"He was someone who acted out our psyches. He somehow got into the shadows inside our bodies; he was able to nail down some of our secret fears and put them on-screen," Ray Bradbury once explained. "The history of Lon Chaney is the history of unrequited loves. He brings that part of you out into the open, because you fear that you are not loved, you fear that you never will be loved, you fear there is some part of you that's grotesque, that the world will turn away from."
In his 1925 Movie magazine article, Chaney referred to his expertise in both make-up and contorting his body to portray his subjects as "extraordinary characterization." Chaney's talents extended beyond the horror genre and stage makeup. He was also a highly skilled dancer, singer and comedian. Many who did not know Chaney were surprised by his rich baritone voice and his sharp comedic skills.
Chaney and his second wife Hazel led a discreet private life distant from the Hollywood social scene. Chaney did minimal promotional work for his films and for Metro-Goldwyn-Mayer, purposefully fostering a mysterious image, and he reportedly intentionally avoided the social scene in Hollywood.
In the final five years of his film career (1925–1930), Chaney worked exclusively under contract to MGM, giving some of his most memorable performances. His portrayal of a tough-as-nails marine drill instructor in Tell It to the Marines (1926), one of his favorite films, earned him the affection of the Marine Corps, who made him their first honorary member from the motion picture industry. He also earned the respect and admiration of numerous aspiring actors, to whom he offered mentoring assistance, and between takes on film sets he was always willing to share his professional observations with the cast and crew.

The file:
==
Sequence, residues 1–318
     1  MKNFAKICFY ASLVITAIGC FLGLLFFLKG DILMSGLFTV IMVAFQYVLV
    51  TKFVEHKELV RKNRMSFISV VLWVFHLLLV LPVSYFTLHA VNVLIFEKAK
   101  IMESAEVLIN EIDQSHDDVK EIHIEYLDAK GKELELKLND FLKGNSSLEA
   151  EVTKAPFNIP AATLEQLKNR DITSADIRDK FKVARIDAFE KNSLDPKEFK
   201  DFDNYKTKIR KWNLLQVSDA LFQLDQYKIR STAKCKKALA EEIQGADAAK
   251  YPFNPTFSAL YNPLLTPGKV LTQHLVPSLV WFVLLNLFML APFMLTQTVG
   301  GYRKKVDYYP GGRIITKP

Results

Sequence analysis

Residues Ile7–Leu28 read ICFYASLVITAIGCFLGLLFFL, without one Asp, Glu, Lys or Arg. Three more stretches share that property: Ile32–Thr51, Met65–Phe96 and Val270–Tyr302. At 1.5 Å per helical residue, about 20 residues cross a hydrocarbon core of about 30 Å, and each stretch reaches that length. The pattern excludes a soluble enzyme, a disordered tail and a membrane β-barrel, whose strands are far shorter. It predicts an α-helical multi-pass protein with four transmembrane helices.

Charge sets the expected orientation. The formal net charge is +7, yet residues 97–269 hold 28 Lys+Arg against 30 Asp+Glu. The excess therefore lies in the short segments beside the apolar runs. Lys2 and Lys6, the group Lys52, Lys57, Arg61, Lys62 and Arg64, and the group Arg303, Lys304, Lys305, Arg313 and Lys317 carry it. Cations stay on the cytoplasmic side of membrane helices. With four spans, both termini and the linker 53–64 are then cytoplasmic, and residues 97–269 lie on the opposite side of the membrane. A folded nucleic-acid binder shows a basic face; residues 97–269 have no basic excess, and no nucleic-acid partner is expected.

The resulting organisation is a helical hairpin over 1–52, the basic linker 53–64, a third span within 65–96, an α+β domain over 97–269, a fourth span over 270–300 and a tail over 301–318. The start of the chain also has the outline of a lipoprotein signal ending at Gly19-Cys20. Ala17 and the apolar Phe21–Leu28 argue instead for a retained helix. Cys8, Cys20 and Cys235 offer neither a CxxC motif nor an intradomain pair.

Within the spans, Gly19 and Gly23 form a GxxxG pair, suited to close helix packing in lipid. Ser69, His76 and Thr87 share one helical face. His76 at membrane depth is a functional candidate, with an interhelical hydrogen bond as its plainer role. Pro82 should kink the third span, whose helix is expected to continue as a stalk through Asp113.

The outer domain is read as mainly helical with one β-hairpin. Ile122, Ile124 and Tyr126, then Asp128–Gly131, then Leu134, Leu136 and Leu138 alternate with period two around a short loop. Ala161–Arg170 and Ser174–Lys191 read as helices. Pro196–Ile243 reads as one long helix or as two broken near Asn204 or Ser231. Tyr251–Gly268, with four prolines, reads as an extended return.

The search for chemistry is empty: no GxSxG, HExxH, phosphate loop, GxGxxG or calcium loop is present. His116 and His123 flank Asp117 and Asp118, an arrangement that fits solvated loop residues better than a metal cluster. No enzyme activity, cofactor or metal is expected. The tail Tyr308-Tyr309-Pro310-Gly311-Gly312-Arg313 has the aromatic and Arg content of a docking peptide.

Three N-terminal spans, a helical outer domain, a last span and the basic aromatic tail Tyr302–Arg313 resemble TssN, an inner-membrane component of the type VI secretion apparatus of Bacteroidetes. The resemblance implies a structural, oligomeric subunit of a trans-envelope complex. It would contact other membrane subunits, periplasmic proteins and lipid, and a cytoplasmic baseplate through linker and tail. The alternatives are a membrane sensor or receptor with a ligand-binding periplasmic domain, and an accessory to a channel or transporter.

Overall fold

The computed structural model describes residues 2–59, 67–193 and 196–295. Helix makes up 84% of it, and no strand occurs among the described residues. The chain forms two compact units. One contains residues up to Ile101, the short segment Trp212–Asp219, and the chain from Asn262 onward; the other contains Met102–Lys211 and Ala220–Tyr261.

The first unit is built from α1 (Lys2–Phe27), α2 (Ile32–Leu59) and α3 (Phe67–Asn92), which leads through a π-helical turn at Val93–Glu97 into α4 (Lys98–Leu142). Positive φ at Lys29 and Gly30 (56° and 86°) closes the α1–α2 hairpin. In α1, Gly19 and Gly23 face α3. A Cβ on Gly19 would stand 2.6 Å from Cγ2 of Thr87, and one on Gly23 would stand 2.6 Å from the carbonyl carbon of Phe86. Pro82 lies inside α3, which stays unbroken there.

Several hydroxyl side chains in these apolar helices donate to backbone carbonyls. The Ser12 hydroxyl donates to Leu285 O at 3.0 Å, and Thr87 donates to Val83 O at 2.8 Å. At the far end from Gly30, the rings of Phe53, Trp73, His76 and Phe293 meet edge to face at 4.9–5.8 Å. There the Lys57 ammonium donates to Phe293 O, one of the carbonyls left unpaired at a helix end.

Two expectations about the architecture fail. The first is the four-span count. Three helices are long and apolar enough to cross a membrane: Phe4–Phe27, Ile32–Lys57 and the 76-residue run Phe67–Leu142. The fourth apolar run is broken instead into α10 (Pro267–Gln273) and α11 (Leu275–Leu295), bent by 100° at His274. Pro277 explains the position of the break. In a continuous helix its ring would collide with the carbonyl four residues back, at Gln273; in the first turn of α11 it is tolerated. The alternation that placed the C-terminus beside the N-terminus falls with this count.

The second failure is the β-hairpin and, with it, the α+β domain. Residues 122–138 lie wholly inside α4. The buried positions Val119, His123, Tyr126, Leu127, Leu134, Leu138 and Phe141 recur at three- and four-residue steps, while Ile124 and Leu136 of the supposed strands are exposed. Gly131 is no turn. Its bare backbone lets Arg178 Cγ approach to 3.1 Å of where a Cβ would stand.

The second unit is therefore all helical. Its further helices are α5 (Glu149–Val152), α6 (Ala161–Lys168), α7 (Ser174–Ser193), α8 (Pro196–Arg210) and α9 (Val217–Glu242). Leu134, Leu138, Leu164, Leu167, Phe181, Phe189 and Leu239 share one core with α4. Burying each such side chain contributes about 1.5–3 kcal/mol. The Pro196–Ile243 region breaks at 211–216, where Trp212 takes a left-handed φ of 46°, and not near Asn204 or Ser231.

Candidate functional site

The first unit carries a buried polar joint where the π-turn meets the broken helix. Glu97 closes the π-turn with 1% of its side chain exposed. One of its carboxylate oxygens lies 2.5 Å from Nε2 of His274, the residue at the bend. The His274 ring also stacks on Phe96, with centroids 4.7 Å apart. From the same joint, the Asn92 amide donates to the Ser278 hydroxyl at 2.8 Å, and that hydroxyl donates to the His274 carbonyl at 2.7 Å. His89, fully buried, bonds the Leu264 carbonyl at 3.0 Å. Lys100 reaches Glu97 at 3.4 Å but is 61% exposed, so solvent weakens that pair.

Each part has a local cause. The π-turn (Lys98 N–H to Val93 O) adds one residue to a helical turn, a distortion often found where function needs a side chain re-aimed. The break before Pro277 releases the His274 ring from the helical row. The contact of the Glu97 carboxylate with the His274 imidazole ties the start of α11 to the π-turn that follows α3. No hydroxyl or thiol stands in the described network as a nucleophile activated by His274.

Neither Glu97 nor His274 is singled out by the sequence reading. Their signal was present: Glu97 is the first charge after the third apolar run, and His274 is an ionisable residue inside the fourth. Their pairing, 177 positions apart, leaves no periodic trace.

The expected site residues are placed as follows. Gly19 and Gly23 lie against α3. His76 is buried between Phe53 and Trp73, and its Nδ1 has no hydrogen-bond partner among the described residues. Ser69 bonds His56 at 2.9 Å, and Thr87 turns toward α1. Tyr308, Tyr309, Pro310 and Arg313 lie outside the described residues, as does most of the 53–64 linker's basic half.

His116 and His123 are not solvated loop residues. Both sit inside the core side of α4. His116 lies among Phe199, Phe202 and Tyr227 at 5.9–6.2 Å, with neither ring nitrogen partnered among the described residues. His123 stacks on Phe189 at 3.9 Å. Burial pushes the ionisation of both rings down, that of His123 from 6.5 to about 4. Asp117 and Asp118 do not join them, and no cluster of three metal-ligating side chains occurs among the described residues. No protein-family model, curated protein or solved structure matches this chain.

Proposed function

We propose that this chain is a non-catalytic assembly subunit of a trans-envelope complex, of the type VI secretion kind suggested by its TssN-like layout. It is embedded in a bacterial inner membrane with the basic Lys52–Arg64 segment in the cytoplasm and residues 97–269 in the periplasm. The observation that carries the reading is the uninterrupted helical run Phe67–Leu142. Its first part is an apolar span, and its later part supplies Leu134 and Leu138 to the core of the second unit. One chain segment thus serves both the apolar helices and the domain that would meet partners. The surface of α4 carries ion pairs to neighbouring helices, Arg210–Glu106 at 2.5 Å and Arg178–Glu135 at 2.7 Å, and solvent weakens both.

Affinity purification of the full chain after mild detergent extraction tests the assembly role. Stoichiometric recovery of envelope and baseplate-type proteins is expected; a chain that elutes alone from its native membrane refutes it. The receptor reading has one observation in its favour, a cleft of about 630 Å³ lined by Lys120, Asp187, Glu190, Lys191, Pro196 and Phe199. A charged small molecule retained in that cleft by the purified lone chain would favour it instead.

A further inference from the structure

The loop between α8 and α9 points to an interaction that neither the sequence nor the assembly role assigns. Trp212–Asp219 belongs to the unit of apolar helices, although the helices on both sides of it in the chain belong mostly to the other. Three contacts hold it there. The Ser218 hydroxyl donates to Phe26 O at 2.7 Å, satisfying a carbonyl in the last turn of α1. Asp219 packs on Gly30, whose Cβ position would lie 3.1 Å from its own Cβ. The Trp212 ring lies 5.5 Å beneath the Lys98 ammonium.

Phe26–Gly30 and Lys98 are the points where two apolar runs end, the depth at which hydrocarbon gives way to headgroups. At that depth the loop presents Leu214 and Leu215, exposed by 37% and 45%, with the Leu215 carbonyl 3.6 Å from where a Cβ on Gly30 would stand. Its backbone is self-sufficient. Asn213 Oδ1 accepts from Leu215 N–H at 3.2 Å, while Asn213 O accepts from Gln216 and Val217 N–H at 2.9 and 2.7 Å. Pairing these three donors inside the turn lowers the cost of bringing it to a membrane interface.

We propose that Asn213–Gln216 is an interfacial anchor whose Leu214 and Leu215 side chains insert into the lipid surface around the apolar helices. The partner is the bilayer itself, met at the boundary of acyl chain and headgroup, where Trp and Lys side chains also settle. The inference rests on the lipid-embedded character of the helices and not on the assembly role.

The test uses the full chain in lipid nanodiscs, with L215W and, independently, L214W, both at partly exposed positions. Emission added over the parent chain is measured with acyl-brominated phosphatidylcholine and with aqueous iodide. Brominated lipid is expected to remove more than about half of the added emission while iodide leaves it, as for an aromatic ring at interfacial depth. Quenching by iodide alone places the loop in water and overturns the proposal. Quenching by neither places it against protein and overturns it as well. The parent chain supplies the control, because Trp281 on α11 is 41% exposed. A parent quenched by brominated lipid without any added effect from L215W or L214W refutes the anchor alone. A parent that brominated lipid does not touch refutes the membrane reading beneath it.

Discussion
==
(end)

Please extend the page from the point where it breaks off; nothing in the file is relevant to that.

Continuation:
During the filming of Thunder in the winter of 1929, Chaney developed pneumonia. In late 1929 he was diagnosed with bronchial lung cancer. This was exacerbated when artificial snow, made out of cornflakes, lodged in his throat during filming and quickly created a serious infection. Despite aggressive treatment, his condition gradually worsened, and seven weeks after the release of the remake of The Unholy Three, he died of a throat hemorrhage on August 26, 1930. His death was deeply mourned by his family, the film industry, and his fans. The US Marine Corps provided a chaplain and Honor Guard for his funeral. He was interred at Forest Lawn Memorial Park Cemetery, in Glendale, California, next to the crypt of his father. His wife Hazel was interred there upon her death in 1933. For unknown reasons, Chaney's crypt has remained unmarked.
^ Kansas: A Cyclopedia of State History, Embracing Events, Institutions, Industries, Counties, Cities, Towns, Prominent Persons, etc. edited by Frank W. Blackmar c. 1912 pp.496–498
^ Mysteries and Scandals - Lon Chaney (Season 3, Episode 34). 2000. E!.
^ "Mrs. Lon Chaney Dies. Before Her Husband Entered the Movies She Was Well Known In Vaudeville.". New York Times. November 1, 1933.
^ Internet Movie Database,IMDb.com ; film listings on Lon Chaney, William Stowell, Dorothy Phillips & Claire Dubrey
^ Pictorial History of the Silent Screen, by Daniel Blum c. 1953 p.141; scene from Triumph (1917), description ...Phillips has hand on Chaney's head embracing him while Stowell reads paperwork on desk
^ Silents are Golden
^ Dick, Bernard F., City of Dreams: The Making and Remaking of Universal Pictures. Lexington: The University Press of Kentucky, 1997, pp. 52-55
^ Schickel, Richard (1962). The Stars. New York: Bonanza Books, a division of Crown Publishers, Inc. p. 133.